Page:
Aussies in LA. For a relatively sparsely numbered, fairly chilled out bunch so far south that the next stop straight down is the South Pole, we certainly hold our own in the Megatropolis of Dreams.
What is the secret to this much touted Australian success in Hollywood? Is it training? Optimism? Opportunity? Work ethic? Is it positive subliminal conditioning from growing up in a society prizing, at least philosophically, ‘a fair go’? As our second year acting teacher, the indomitable Australian actor and director Mark Constable would cheerfully announce after we gave a particularly horrific performance: “well, you gave it a crack!” Without delving into a complex socio-cultural analysis, it is probably fair to say that Australian actors aren’t afraid to take risks. And it is certainly paying unmistakeable dividends.
Now there’s a new kid on the LA block and his name is Damian Sommerlad. Fresh outta Syd-city having filmed Australian feature Life of the Party starring Holly Brisely, Damian has worked in London, Australia and now is hitting LA with a vengeance — and he has some great ‘top tips’ for success.
TA: Thank you and welcome, Damian! Congratulations on Life of the Party.
DS: Thank you! It was a lot of fun to shoot. I play Jason who, as a result of his girlfriend Bea (Georgia Chara), decides to break the record for the world’s longest house party with the aid of his two best friends Kray (Michael Budd) and Sandra (Holly Brisley). Chris Kirby plays Perry Vaughan — a gangster with cash who bankrolls the whole attempt. This is Michael’s second feature and we shot around Sydney, with the party house itself situated in Mosman. The film itself is a comedic, coming-of-age drama and is exciting in the sense that the cast is really diverse and it’s domestic in its treatment of LGBT relationships.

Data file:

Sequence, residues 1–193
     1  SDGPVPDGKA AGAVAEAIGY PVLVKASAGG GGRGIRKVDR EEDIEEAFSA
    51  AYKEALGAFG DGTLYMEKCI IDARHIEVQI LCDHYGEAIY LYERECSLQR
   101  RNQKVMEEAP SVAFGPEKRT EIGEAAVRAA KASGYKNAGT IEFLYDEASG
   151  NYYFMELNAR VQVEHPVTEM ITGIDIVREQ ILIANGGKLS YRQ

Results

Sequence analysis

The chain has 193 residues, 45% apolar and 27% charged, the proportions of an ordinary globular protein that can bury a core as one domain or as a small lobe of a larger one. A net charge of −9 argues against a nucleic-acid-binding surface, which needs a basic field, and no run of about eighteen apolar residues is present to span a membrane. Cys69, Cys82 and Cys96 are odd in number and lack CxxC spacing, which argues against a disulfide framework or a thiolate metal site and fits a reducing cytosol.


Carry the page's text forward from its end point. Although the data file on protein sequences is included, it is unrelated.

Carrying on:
TA: Prior to this you worked on Brendan Cowell’s brilliant play, Ruben Guthrie.
DS: It was amazing, my first time working with the Australian Theatre Company (ATC) which is the love child of Nate Jones, Josh Thorburn, Jackie Diamond and Nick Hardcastle. They are really making a big impression bringing Australian works to American audiences. The play itself is a very personal story but its themes (although undoubtedly very Australian) are also universal. They relate to love and addiction in a way that is in fact moving and also very funny. It was a compelling experience to work with Director Peter Blackburn during the rehearsal process which involved a lot of improvisation and exploration. We had a ridiculously talented cast and watching them bond and grow together was really special. I was fortunate enough to get the opportunity to play both Ruben and his best friend Damian which has its own challenges but was also extremely rewarding.
TA: Did you always plan on an LA move after London?
DS: Ha, yes this was largely steered by fate to some extent. A friend had entered the Green Card lottery, so I did too, really on a whim — then forgot about it. I was looking to do some formal training so I auditioned for a couple of drama schools whilst visiting family in the UK. I was accepted into Bristol Old Vic and East 15 Acting School, opting for the latter as I was granted a scholarship and loved the prospect of being in London. Following graduation, I spent some years working in theatre in and around the West End, before returning to Sydney after booking my first Feature Film Forbidden Ground, directed by Johan Earl and Adrian Powers. A few theatre roles followed, as did my next feature, The Half Dead, working alongside John Rhys-Davies and Tasma Walton and directed by Tim Boyle. Then by chance, I’d checked the the GC Lottery results and I’d won! The company I’d initially filed through had repeated my entry every year, so my number had finally come up and 6 months later I was in LA.